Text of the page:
In a business where success is unpredictable, many people considering a career in the music industry — from being a studio engineer to being Bruce Springsteen — have no idea how to break in.

Michelle Shaprow ’04, Kenneth Dean ’03 and David Silverman LAW ’05 are making efforts to get more of their fellow Yalies interested in the entertainment industry, especially the business side. As the founders of the Entertainment Society, they have been working to bring major players in the industry to Yale.

“A big part of moving ahead in that industry is who you know,” Dean said.

On Feb. 7, Bill Flanagan, senior vice president of VH1, will come to Yale as the first of the speakers for the Entertainment Society’s series. Shaprow said she hopes Yale students will be able to develop relations with people in the industry by inviting people like King Brit, a well-known DJ in Europe and Bill Krasilovsky, a leading entertainment lawyer in New York City, among many others, to speak at Yale.

Shaprow said record label A&R — people who sign artists to labels and watch after their careers — have expressed interest in coming to lecture at Yale.

“Yale just has this aura about it. It’s not like Harvard. People are curious about it in a different way,” Dean sad.

Among the organization’s goals is to get Yale students who are interested in becoming artists to gain a better understanding of the business side of the entertainment industry, Dean and Shaprow said.

“I think it is important for artists who are purists, who try to avoid anything having to do with business or the industry, to know more about the business because it’s hard to change something without understanding it,” Shaprow said. “I feel that the music industry is really changing a lot, especially with downloadable music. I think the independent [record labels] are going to be getting a lot bigger.”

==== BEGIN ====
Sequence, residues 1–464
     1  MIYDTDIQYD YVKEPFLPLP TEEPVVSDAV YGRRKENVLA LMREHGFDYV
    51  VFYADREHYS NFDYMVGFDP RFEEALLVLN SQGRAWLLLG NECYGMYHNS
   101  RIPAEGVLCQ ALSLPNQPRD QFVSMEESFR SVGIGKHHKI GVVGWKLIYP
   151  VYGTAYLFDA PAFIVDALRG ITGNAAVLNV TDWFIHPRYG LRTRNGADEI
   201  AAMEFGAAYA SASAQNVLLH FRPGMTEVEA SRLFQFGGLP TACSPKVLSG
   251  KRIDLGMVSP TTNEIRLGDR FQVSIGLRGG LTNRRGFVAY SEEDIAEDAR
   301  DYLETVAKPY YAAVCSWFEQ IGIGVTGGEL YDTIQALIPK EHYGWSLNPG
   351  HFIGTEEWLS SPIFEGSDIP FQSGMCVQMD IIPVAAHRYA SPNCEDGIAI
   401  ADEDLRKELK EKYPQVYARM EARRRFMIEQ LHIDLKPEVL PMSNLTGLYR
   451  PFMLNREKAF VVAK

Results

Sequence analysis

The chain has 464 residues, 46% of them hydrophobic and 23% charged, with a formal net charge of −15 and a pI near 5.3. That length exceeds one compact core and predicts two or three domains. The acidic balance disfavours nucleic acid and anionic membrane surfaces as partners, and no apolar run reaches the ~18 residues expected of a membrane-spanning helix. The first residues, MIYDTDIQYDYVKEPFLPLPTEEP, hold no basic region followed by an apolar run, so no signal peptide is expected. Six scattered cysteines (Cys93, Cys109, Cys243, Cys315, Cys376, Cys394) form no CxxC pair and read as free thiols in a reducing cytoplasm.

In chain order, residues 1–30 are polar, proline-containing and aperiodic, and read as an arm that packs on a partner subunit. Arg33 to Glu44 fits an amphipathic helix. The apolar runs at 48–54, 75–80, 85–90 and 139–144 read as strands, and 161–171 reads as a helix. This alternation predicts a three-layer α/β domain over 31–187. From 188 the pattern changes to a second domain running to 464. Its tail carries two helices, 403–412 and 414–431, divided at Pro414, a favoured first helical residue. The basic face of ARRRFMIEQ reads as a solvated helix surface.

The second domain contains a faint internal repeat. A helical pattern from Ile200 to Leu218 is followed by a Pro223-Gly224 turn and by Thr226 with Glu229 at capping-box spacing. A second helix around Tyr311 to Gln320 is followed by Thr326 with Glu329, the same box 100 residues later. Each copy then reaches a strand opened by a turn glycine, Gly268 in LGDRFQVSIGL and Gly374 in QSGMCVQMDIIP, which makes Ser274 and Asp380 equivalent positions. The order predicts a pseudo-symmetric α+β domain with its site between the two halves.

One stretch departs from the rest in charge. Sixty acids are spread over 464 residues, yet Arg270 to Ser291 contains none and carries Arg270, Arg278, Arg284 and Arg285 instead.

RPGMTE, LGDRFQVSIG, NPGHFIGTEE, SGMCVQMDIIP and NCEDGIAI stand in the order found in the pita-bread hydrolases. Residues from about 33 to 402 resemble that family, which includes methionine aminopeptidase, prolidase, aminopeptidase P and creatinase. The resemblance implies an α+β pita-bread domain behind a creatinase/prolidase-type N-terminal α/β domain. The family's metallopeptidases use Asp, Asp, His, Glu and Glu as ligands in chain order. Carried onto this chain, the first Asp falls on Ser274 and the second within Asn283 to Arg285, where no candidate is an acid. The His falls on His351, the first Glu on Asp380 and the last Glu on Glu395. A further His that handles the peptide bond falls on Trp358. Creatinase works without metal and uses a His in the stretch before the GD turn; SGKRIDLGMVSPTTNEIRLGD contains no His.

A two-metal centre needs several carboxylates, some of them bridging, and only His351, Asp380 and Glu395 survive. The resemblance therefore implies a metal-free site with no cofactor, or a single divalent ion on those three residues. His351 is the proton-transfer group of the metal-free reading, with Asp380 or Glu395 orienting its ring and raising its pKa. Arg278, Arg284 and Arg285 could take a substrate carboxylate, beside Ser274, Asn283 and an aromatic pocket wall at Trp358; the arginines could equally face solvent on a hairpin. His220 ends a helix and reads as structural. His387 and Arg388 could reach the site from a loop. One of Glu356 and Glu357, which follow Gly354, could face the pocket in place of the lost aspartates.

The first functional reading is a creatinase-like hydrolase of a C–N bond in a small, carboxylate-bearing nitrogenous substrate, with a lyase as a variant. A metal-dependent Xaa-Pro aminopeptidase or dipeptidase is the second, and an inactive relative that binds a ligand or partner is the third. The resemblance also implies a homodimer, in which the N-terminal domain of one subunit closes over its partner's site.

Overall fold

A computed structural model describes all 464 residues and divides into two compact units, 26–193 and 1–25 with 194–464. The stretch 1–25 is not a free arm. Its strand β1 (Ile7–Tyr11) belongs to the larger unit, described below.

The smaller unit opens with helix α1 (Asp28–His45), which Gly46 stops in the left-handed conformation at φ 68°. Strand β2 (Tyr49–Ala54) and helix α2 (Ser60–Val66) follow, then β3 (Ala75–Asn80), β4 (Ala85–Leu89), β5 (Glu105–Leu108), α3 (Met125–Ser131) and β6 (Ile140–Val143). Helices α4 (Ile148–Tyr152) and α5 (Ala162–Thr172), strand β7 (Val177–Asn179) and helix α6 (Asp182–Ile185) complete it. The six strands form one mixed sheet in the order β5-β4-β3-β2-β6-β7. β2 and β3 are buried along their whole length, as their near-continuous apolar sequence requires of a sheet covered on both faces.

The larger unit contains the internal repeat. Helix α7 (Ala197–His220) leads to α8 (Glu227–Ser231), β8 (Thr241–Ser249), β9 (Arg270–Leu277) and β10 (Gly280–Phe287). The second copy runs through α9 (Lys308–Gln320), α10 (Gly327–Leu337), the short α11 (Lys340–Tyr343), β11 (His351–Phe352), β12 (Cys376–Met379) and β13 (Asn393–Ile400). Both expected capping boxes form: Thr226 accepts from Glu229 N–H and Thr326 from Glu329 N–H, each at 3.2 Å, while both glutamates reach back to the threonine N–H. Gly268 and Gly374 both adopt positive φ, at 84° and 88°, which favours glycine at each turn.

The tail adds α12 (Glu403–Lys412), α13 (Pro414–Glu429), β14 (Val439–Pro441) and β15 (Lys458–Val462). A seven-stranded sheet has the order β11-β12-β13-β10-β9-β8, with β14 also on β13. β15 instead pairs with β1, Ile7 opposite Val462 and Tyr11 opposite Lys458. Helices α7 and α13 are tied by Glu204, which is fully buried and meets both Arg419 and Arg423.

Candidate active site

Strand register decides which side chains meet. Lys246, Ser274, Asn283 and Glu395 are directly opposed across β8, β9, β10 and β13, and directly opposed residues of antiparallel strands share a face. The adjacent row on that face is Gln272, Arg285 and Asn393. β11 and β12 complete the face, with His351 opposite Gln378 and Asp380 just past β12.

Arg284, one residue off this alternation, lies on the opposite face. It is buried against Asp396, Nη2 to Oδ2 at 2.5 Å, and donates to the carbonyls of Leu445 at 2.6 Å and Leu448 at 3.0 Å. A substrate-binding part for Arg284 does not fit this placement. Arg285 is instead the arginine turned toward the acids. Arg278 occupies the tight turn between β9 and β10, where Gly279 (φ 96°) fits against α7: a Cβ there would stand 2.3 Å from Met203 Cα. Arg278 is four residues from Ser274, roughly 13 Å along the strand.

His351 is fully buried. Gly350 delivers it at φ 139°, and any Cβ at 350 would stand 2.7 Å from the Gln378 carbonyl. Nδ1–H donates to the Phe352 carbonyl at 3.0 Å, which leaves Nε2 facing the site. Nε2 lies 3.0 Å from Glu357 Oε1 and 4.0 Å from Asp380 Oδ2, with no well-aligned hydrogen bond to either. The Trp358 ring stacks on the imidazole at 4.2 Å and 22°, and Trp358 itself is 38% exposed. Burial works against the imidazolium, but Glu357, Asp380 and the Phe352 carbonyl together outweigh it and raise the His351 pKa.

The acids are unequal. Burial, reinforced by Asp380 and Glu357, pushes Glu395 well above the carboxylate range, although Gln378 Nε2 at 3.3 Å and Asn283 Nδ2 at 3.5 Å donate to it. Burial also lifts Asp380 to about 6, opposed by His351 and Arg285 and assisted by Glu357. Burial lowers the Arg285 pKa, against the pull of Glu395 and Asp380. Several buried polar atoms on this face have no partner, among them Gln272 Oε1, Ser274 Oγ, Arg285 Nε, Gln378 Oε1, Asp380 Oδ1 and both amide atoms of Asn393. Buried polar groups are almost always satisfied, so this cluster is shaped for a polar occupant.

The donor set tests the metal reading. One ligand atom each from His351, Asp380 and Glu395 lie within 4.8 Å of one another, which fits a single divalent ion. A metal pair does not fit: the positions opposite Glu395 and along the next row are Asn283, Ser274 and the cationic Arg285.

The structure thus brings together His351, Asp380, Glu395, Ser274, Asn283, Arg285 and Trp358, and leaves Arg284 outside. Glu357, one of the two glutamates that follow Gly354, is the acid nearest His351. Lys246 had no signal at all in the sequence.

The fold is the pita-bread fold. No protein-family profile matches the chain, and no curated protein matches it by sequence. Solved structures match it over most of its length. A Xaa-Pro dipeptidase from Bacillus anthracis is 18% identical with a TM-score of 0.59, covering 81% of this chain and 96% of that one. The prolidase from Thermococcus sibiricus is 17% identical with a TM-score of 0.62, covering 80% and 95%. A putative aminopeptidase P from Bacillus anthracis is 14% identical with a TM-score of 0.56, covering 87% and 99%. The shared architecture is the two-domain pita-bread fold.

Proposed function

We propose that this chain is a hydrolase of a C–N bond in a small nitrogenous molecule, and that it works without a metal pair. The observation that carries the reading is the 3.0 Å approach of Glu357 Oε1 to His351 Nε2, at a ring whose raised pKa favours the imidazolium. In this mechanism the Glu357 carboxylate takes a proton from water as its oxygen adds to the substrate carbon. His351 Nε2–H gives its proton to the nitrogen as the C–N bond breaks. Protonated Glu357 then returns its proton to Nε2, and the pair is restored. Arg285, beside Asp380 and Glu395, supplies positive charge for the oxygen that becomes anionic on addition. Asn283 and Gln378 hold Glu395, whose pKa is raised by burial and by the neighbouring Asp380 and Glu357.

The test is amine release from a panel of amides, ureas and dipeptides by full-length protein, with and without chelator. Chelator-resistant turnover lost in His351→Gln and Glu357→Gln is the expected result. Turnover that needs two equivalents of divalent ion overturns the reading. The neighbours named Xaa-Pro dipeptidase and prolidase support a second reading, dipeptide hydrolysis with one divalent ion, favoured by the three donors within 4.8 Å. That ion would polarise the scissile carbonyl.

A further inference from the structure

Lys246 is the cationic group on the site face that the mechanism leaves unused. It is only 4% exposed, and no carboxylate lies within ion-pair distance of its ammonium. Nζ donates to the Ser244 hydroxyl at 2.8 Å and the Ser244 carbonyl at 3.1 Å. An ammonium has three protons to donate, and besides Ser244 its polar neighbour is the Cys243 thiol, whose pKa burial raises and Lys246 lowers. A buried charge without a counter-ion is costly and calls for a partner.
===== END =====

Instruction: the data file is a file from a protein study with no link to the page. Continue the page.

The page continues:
In turn, she said, these changes will lead to a higher quality of music as artists become more familiar with other facets of their business.

Bianca Bracho-Perez ’06, who is hoping to help with the speaker series, said she thought it is “a really good opportunity for [Yale] performers to see what kind of resources are out there.”

“A lot of times people are really good at what they do and they’re not focused on publicizing themselves,” she said.

By hosting this lecture series, the Entertainment Society hopes to help Yale students who aspire to become involved with the industry find a network to help them capitalize on their talent.

“I think that Yale students would have a lot to contribute in the music industry, an industry that’s not known for its academics,” Shaprow said.

But the entertainment speaker series is not only for those who are planning on going into entertainment after graduation.

“We want everyone involved,” Shaprow said.